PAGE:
Uber driver Paul Linnee steered his Volkswagen into Terminal 1 at the Minneapolis-St. Paul International Airport last month to pick up passengers for the ride-sharing service — as he’s done hundreds of times in the past.
But this time, a Metropolitan Airports Commission (MAC) employee approached Linnee and said a 10-inch magnetic sign on the side of his car bearing his name and the Uber logo violated airport ride-sharing rules, which were enacted in 2017. Take it down or don’t serve the airport, he was told.
Linnee, who has provided more than 11,000 rides as an Uber and Lyft driver since 2014, called the edict “ridiculous” and challenged it with the commission. His appeal was denied.
The 73-year-old retired police officer from Bloomington says the sign helps passengers identify his vehicle in crowded loading zones and parking lots, and it adds an extra layer of security for people who may hop into the wrong car thinking it’s the Uber they ordered on their smartphone.
But the MAC disagrees, noting Linnee’s sign required prior approval from the airport director. The commission’s primary concern is that, “apart from being a prohibited advertisement, if other drivers followed suit, it would create a significant safety issue,” spokesman Patrick Hogan said in an e-mail.
Linnee’s dispute with the MAC surfaced just months after a 21-year-old college student was stabbed to death in South Carolina after she climbed into a car thinking it was the Uber she had summoned. While San Francisco-based Uber provides an average 14 million rides a day worldwide largely without incident, the murder of Samantha Josephson reinforced the need for passengers to take extra care to ensure their safety when using ride-sharing services.
On its website, Uber advises passengers to match the license plate, car make and model of their ride as well as the photo of their driver with information provided during booking. In Linnee’s case, they could also match the name of their driver with the placard on his car.
“Having a sign on my car makes it pretty obvious that I’m the right guy,” Linnee said. He concedes the system isn’t foolproof, but he notes the sign can also help passengers spot his car in a crowd.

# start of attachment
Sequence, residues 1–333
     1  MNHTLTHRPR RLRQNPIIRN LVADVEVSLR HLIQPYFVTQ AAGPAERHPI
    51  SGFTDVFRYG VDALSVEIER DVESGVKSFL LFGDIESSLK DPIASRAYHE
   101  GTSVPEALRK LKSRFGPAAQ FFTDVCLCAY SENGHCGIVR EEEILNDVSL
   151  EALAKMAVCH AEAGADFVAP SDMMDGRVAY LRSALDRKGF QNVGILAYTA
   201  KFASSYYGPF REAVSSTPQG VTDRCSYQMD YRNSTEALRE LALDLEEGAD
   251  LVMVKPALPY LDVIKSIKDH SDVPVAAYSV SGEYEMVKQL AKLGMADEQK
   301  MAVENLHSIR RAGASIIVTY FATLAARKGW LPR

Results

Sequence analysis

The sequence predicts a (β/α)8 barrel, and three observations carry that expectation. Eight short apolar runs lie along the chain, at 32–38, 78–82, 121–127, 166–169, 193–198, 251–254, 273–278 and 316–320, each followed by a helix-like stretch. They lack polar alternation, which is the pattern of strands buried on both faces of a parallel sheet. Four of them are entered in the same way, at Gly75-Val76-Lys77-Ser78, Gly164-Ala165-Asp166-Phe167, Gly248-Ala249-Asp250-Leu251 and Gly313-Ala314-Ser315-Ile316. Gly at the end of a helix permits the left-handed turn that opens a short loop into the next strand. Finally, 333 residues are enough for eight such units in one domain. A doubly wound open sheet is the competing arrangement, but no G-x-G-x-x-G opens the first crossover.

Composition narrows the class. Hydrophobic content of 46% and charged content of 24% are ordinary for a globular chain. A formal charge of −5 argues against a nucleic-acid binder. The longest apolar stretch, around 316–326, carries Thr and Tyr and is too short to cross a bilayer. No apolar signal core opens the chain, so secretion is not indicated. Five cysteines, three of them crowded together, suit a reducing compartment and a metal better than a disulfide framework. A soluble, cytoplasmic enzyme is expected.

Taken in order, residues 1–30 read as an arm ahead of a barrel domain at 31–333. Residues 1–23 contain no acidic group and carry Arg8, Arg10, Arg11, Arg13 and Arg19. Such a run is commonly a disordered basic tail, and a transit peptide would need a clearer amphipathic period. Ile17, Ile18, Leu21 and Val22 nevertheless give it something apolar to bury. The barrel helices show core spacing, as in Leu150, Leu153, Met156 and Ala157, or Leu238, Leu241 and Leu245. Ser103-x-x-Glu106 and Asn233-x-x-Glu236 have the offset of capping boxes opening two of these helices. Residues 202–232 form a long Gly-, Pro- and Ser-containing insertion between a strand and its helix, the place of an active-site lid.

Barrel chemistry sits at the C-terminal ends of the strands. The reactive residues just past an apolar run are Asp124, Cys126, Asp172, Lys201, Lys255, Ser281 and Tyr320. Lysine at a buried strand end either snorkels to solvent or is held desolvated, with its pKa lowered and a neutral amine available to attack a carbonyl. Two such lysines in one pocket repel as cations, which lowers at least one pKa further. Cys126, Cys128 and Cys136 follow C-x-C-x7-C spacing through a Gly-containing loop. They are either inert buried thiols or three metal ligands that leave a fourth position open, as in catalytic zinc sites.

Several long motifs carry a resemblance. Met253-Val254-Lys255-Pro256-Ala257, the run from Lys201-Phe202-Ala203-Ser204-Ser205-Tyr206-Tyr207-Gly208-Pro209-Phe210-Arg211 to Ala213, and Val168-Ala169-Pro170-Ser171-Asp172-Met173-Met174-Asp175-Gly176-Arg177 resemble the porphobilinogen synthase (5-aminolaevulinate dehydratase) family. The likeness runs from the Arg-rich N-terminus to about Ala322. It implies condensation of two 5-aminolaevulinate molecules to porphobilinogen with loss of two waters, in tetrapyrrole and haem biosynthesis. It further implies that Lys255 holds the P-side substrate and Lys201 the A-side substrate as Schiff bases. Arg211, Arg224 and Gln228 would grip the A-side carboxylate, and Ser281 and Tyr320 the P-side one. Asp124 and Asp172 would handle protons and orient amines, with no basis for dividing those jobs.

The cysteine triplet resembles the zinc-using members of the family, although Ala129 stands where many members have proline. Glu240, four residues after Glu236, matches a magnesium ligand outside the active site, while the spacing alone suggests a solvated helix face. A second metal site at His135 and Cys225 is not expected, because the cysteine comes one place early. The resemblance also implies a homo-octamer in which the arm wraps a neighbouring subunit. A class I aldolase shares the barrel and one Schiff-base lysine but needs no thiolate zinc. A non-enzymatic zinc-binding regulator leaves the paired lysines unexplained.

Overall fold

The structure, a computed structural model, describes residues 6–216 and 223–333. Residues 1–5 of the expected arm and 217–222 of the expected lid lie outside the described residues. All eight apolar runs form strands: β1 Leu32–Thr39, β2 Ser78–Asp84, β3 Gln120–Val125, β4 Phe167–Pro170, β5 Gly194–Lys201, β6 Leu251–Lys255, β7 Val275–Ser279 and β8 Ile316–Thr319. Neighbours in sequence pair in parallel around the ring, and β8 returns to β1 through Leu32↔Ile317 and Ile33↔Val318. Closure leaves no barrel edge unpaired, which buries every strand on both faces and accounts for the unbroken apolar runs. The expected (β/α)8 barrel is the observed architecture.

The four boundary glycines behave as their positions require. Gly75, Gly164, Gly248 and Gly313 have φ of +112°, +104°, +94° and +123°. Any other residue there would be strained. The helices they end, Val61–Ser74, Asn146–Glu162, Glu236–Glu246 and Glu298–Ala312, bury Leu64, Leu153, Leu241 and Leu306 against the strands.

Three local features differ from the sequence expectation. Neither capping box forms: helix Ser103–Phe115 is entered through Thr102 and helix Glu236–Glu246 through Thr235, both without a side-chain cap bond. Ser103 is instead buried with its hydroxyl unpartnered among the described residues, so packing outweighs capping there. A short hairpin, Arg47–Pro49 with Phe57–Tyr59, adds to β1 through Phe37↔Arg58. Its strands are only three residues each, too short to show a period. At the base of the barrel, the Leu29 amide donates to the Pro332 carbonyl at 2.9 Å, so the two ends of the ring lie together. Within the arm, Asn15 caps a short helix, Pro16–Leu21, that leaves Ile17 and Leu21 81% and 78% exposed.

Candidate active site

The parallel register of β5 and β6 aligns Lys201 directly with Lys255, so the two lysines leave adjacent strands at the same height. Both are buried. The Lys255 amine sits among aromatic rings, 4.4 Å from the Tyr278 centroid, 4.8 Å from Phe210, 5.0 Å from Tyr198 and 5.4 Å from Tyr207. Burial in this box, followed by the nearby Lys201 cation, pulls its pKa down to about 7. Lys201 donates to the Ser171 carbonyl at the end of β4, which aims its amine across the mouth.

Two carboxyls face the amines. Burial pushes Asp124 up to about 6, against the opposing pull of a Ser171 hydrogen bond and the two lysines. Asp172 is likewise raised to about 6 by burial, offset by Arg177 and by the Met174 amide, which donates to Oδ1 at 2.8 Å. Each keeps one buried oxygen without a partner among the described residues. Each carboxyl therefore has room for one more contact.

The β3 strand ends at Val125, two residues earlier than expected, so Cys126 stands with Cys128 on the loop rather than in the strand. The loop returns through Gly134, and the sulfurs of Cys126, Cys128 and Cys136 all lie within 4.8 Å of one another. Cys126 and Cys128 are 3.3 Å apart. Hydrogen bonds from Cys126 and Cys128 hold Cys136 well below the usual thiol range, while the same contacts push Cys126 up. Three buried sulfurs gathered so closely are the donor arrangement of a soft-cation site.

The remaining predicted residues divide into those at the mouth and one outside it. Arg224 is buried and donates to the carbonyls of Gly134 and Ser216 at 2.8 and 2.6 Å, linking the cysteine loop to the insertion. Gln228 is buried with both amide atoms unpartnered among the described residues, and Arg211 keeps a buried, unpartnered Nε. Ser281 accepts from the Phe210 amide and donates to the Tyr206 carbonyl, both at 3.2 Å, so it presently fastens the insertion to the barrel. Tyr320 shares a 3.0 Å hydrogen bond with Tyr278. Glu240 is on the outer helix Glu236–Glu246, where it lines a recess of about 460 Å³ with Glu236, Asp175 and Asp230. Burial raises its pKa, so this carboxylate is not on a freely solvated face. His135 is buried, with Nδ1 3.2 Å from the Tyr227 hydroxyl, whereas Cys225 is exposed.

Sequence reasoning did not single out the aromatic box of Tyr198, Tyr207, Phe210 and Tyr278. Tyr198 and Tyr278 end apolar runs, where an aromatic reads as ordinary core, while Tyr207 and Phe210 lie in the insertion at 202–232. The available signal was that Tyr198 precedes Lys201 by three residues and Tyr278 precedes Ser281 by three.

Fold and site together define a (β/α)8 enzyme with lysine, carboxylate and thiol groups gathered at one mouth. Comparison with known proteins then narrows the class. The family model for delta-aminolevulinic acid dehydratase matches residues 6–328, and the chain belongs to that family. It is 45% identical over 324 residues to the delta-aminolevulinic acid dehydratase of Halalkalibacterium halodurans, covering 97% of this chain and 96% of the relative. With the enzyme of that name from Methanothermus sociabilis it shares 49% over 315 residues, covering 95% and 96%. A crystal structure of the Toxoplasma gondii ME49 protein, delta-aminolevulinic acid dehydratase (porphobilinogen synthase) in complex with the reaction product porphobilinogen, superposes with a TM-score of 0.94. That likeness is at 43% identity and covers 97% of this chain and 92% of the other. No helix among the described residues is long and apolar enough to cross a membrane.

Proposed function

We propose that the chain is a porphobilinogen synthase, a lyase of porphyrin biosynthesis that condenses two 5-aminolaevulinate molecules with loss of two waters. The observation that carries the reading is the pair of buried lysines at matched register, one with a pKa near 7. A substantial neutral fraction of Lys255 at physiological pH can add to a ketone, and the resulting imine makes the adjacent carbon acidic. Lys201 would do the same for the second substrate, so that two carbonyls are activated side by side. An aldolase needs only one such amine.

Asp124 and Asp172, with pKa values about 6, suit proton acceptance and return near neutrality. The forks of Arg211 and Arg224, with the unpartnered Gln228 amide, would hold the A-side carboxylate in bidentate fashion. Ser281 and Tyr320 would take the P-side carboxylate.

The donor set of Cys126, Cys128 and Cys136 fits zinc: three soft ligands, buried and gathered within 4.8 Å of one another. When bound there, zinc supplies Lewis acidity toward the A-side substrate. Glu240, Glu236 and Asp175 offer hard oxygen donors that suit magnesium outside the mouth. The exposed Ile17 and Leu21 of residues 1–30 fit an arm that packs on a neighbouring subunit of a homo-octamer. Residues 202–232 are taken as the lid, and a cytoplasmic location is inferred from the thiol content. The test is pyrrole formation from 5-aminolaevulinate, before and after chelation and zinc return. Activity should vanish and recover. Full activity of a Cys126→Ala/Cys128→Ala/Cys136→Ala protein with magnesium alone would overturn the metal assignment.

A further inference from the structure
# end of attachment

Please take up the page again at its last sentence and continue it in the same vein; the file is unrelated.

“If it’s 1:15 a.m. in the Cowboy Jack’s parking lot in Bloomington and there are six other [ride-sharing] cars that look just like mine circling around, people will know who I am when they see the sign,” he said. In addition, two zones set aside for ride-sharing pickups at the airport’s Terminal 1 can get rather chaotic during busy times.
But the MAC’s Hogan says, “Names are not unique identifiers. Many drivers have the same name.” He said more than 440 drivers registered with the MAC for ride-sharing services have the first name Mohamed, and there are more than 250 Michaels and Ahmeds.
“If customers started looking for names on cars rather than faces and license plates, the result would no doubt be many people getting into the wrong vehicle,” Hogan said. “That is not an acceptable safety risk.”
But Linnee said he has been using some version of the sign for the past three years, including many trips to the airport without incident.
Uber did not respond to a request for comment.
The MAC adopted new regulations for ride-sharing two years ago following months of discussion and several emotional public hearings that pitted Uber and Lyft drivers against traditional taxi firms. The 33-page policy doesn’t preclude ride-sharing vehicles from bearing “magnetic or other removable distinctive signage” so long as it’s not commercial advertising.
In Linnee’s case, the MAC considers his placard an ad.
Linnee disagrees — but he says his experience with the MAC hasn’t soured him on being an Uber driver. He said he likes “meeting a lot of different people and seeing new parts of town.”
Plus, he added, “I’m picking up a few hundred dollars a week, and I avoid watching cable news and soap operas.”